It was innocent enough. I got to the last page of a book I loved—Louise Penny’s latest paperback, perfect reading for a long flight, when I could sink into the rhythms of rural Quebec without the intrusions or interruptions of daily life. I sighed with satisfaction, pulled a pen out of my bag, and started making notes inside the back cover.
And heard a gasp from across the aisle.
I smiled to myself and went on with the task, wanting to capture the connection I felt with the characters, and the author. Noting passages I had read and reread with admiration, what I had not seen coming but knew to be inevitable.
“I can’t even lend my books,” the gasper’s seatmate confided. “People crack the spines. My books look like new even after I’ve read them.”
I caught a half-smile on the face of the flight attendant, in her jump seat. I turned.
“Am I making you ill? I’m so sorry.” I explained that I’d felt like they had for years, but had discovered how useful it was to write in books and even to dog-ear the pages. I flipped through the book, revealing notes and a dozen turned-down corners. Both women shuddered visibly. Because I write, I said, it was for a good cause
“You write?” And so we talked about books. The gasper had a Nook on her lap, the spine preserver a Nora Roberts. Common ground led to forgiveness.
My new habit is good for me, even though it violates the rule my father taught me decades ago: “Books are our friends.” Actually, it doesn’t violate the rule, not really. Books are meant to be used, relished, learned from. Made real by love, like the Velveteen Rabbit. There’s no prize for having the most books that look least read. And for a writer, there’s no substitute for noting a passage that seems to presage a key insight. A striking observation. (I loaned the latest Penny novel to friend, but her earlier books have been my teachers as well. In Still Life, on p. 54, Gamache thinks: “We equate how people live with how they die,” that violent death can’t reach good people, and when it does, we’re shaken. Yes.) We underline a marvelous phrase (“... most premeditated murders were about rancid emotions.”) We star a red herring or transition done well, a detail that springs a secondary character to life, a question raised for a future book.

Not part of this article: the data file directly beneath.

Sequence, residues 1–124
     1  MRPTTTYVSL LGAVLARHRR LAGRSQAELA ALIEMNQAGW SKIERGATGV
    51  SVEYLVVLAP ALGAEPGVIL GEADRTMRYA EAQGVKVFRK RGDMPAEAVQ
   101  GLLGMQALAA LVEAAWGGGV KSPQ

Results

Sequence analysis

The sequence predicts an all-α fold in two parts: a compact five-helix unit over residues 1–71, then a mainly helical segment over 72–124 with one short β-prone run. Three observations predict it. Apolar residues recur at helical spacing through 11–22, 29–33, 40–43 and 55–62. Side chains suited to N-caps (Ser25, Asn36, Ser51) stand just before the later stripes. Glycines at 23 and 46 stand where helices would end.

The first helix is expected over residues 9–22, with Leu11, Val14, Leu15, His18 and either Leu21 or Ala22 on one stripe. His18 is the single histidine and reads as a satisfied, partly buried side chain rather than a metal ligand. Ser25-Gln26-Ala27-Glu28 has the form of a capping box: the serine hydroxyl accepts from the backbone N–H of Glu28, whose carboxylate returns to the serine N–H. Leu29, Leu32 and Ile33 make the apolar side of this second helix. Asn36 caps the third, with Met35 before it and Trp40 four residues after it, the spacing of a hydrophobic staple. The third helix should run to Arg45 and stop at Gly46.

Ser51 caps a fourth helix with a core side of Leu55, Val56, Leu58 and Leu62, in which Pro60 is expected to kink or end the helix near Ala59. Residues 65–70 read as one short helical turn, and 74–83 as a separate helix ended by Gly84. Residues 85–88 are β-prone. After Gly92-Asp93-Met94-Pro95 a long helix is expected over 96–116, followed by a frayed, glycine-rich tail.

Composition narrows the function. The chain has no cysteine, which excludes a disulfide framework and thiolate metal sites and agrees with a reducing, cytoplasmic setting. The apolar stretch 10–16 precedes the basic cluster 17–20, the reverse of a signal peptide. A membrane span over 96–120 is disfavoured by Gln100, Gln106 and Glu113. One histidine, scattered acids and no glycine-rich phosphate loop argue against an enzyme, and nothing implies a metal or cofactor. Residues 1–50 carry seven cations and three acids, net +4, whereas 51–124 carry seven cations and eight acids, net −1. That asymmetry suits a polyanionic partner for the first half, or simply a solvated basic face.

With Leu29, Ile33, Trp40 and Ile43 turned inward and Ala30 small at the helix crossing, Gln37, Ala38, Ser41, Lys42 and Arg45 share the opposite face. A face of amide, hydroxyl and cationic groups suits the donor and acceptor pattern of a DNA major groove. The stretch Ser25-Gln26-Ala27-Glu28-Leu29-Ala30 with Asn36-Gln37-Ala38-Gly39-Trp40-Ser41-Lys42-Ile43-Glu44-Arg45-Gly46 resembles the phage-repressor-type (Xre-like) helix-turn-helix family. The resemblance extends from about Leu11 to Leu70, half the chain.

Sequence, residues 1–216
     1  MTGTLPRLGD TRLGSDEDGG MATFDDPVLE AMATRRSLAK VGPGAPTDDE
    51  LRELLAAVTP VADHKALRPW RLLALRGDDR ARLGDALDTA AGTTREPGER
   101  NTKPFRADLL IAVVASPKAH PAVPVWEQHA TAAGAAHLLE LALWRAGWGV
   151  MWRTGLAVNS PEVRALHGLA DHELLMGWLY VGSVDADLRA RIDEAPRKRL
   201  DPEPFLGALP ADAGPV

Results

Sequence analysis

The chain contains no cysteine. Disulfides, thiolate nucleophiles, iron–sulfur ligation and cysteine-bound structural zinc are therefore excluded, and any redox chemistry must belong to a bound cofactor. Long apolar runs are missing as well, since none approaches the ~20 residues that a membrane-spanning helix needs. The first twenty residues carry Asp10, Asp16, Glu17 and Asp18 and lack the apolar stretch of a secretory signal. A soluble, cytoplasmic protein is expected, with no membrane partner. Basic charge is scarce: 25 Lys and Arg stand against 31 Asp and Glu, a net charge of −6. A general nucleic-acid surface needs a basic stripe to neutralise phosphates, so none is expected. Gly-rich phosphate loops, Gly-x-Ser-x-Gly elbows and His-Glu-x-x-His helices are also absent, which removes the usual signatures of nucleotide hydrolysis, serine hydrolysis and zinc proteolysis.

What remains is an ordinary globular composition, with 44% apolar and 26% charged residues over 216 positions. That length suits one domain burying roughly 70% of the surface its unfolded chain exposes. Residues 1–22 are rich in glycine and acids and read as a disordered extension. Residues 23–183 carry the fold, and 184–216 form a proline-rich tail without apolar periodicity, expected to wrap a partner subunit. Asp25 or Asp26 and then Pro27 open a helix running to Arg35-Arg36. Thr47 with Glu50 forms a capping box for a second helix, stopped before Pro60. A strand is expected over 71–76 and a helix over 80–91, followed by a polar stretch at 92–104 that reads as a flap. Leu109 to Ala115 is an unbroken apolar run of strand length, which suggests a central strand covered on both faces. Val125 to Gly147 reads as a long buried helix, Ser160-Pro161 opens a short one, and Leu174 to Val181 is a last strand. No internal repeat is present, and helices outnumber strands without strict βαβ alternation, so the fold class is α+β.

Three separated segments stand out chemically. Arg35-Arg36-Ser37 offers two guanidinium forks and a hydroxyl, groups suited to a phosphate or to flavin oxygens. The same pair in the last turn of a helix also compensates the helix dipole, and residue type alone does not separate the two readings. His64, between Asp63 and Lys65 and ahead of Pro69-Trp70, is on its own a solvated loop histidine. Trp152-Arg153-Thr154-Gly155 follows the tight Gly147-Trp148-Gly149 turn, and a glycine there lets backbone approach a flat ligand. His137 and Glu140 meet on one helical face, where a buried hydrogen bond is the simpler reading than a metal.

Observing these things with ink lets us mark our own moments of insight, and return to them. It is an intimate form of friendship.
I told the women I felt their pain and gave them bookmarks. Books are true friends. And so, always, are readers.
About KILLING THYME – third in the Seattle Spice Shop Mysteries (October 4, 2016, by Berkley Prime Crime/Penguin Random House):
In Seattle’s Pike Place Market, Spice Shop owner Pepper Reece is savoring her business success, but soon finds her plans disrupted by a killer in the latest from the national bestselling author of Guilty as Cinnamon.
Pepper Reece’s to-do list is longer than the shopping list for a five-course dinner, as she conjures up spice blends bursting with seasonal flavor, soothes nervous brides fretting over the gift registry, and crosses her fingers for a rave review from a sharp-tongued food critic. Add to the mix a welcome visit from her mother, Lena, and she’s got the perfect recipe for a busy summer garnished with a dash of fun.
While browsing in the artists’ stalls, Pepper and Lena drool over stunning pottery made by a Market newcomer. But when Lena recognizes the potter, Bonnie Clay, as an old friend who disappeared years ago, the afternoon turns sour. To Pepper’s surprise, Bonnie seems intimately connected to her family’s past. After Bonnie is murdered only days later, Pepper is determined to uncover the truth. But as Pepper roots out long-buried secrets, will she be digging her own grave?
About the Author:
Leslie Budewitz blends her passion for food, great mysteries, and the Northwest in two national best-selling series. KILLING THYME, her third Spice Shop Mystery, set in Seattle’s Pike Place Market, is due on October 4. DEATH AL DENTE, first in the Food Lovers' Village Mysteries, set in Jewel Bay, Montana, won the 2013 Agatha Award for Best First Novel. The immediate past president of Sisters in Crime, she lives and cooks in NW Montana.
Find Leslie and excerpts from her books on her website, and chat with her on Facebook.